December 15, 2018—Columbia Theological Seminary announces that author, scholar and renowned preacher Dr. Frank A. Thomas, the Nettie Sweeney and Hugh Th. Miller Professor of Homiletics at Christian Theological Seminary, will be the 2019 Smyth lecturer. Thomas will deliver two lectures offered free to the public in the Harrington Center Chapel on the seminary campus located at 701 S. Columbia Drive, Decatur, GA. The first lecture will be on Tuesday, February 5, at 7:00-8:00 pm, and the second lecture on Wednesday, February 6 at 11:00am-12:00pm. A reception will be held immediately after the first lecture.
About the Smyth Lectures
Dr. Frank Thomas will offer insights from his latest book How to Preach a Dangerous Sermon (Abingdon Press, February 2018) and his upcoming book, How to Survive a Dangerous Sermon. The “dangerous sermon” is one that refuses to reflect idolatrous, diabolical imaginings of our human future. Rather, it challenges them by activating the four qualities of moral imagination: the embodied presence of the preacher, empathy as a bridge between past injustice and future possibilities, wisdom found in ancient texts, and hope conveyed through artistic, poetic language. Thomas argues such sermons are “dangerous” and seeks to help preachers navigate the challenging and choppy waters of dangerous sermons.
About Dr. Frank Thomas
Dr. Frank Thomas currently serves as the Director of the PhD Program in African American Preaching and Sacred Rhetoric and the Nettie Sweeney and Hugh Th. Miller Professor of Homiletics at Christian Theological Seminary, Indianapolis, IN. For many years, Dr. Thomas has also taught preaching to Doctoral and Masters level students at McCormick Theological Seminary in Chicago, IL; Memphis Theological Seminary in Memphis, TN; and United Theological Seminary of Dayton, OH. He is the CEO of Hope For Life International, Inc., which formerly published The African American Pulpit. Thomas also serves as a member of the International Board of Societas Homiletica, an international society of teachers of preaching.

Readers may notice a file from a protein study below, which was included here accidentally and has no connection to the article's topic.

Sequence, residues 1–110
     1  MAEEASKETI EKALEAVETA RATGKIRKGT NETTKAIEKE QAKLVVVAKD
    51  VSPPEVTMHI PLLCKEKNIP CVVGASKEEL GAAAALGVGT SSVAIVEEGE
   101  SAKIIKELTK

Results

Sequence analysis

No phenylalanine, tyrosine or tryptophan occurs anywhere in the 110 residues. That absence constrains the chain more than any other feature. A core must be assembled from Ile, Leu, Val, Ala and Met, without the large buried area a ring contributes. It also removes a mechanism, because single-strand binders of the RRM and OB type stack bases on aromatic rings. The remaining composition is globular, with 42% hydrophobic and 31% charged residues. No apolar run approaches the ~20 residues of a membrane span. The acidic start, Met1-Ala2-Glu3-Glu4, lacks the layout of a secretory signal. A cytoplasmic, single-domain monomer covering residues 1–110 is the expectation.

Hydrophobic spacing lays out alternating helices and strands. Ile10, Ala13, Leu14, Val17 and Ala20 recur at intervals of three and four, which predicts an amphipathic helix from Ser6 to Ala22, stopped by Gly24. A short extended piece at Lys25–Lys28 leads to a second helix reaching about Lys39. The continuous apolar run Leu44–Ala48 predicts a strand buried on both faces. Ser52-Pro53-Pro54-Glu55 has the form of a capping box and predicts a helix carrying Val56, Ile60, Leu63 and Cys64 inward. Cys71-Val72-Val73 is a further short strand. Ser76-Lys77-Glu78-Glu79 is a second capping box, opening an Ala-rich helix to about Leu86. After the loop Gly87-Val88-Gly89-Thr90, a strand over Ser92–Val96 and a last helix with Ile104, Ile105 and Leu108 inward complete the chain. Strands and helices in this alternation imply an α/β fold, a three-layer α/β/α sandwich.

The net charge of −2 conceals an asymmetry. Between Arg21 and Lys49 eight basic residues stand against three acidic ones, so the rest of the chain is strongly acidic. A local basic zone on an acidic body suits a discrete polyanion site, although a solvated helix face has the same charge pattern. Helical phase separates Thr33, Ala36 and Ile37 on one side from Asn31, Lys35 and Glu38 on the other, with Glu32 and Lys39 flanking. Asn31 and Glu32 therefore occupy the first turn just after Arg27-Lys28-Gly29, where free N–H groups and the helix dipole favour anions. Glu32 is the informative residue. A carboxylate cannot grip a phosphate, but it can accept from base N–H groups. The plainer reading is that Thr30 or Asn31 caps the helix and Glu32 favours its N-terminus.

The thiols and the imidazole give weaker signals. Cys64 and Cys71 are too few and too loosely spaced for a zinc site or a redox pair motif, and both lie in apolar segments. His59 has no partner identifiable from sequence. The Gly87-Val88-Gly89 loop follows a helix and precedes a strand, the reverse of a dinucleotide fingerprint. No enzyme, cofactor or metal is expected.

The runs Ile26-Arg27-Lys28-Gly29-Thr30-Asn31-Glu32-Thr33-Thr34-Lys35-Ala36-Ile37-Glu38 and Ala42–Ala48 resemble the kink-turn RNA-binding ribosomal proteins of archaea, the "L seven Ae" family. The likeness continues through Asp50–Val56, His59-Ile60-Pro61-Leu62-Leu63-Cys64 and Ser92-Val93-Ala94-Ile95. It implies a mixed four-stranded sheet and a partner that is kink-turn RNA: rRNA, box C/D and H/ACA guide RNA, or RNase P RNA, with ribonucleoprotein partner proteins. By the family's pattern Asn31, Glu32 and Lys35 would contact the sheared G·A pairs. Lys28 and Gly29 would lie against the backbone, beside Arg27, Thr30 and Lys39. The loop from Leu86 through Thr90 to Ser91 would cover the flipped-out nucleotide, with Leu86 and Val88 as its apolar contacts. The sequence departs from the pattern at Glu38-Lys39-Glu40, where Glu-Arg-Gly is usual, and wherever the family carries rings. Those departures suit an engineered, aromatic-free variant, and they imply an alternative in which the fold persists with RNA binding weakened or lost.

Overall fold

Thomas is the author of Introduction to the Practice of African American Preaching (Abingdon Press, November 2016). He co-edited Preaching With Sacred Fire: An Anthology of African American Sermons 1750 to the Present with Martha Simmons (W. W. Norton & Company, 2010). This critically acclaimed book offers a rare view of the unheralded role of the African American preacher in American history. Thomas is also the author of several other books on subjects from matters of prayer to spiritual maturity.
Thomas served with distinction as the senior pastor for two remarkable congregations: New Faith Baptist Church of Matteson, IL and Mississippi Boulevard Christian Church of Memphis, TN, for eighteen years and thirteen years respectively.
Thomas holds a PhD in Communications (Rhetoric) from the University of Memphis, a Doctor of Divinity from Christian Theological Seminary, Doctor of Ministry degrees from Chicago Theological Seminary and United Theological Seminary, a Master of Divinity from Chicago Theological Seminary, and a Master of Arts in African-Caribbean Studies from Northeastern Illinois University.
History of the Smyth Lectures
The Smyth Lectures were established at Columbia Theological Seminary in 1911 by the bequest of the Rev. Thomas Smyth, pastor of Second Presbyterian Church in Charleston, SC. The aim was to establish “a course of lectures on the fundamental principles of the Christian faith.” The Smyth Lectures are presented to the seminary community each year and are open to all ministers, lay people and members of the community who wish to attend.
Columbia Theological Seminary seeks “to educate and nurture faithful, imaginative, and effective leaders for the sake of the church and the world.” As an educational institution of the Presbyterian Church (USA), Columbia Seminary is a community of theological inquiry, leadership development, and formation for ministry in the service of the Church of Jesus Christ. Columbia Seminary offers six graduate degree programs and dozens of courses and events as a resource for church professionals and lay people through The Center for Lifelong Learning. For more information, please visit www.CTSnet.edu.
Director of Communications